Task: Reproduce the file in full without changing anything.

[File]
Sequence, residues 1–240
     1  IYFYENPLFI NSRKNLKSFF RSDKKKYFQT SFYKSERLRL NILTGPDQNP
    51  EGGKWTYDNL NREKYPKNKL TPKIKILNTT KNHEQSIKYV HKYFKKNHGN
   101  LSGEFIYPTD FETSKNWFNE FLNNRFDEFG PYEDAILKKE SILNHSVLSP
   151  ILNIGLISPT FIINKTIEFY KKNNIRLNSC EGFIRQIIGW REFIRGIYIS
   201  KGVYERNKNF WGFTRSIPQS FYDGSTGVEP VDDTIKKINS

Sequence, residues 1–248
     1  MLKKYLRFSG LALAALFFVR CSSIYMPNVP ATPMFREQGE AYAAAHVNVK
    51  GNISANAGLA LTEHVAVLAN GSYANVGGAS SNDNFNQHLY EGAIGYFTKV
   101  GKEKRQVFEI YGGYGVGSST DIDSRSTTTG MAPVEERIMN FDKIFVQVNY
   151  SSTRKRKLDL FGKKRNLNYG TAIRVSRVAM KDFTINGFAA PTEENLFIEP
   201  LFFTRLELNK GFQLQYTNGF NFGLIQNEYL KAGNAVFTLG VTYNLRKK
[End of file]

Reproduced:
Sequence, residues 1–240
     1  IYFYENPLFI NSRKNLKSFF RSDKKKYFQT SFYKSERLRL NILTGPDQNP
    51  EGGKWTYDNL NREKYPKNKL TPKIKILNTT KNHEQSIKYV HKYFKKNHGN
   101  LSGEFIYPTD FETSKNWFNE FLNNRFDEFG PYEDAILKKE SILNHSVLSP
   151  ILNIGLISPT FIINKTIEFY KKNNIRLNSC EGFIRQIIGW REFIRGIYIS
   201  KGVYERNKNF WGFTRSIPQS FYDGSTGVEP VDDTIKKINS

Sequence, residues 1–248
     1  MLKKYLRFSG LALAALFFVR CSSIYMPNVP ATPMFREQGE AYAAAHVNVK
    51  GNISANAGLA LTEHVAVLAN GSYANVGGAS SNDNFNQHLY EGAIGYFTKV
   101  GKEKRQVFEI YGGYGVGSST DIDSRSTTTG MAPVEERIMN FDKIFVQVNY
   151  SSTRKRKLDL FGKKRNLNYG TAIRVSRVAM KDFTINGFAA PTEENLFIEP
   201  LFFTRLELNK GFQLQYTNGF NFGLIQNEYL KAGNAVFTLG VTYNLRKK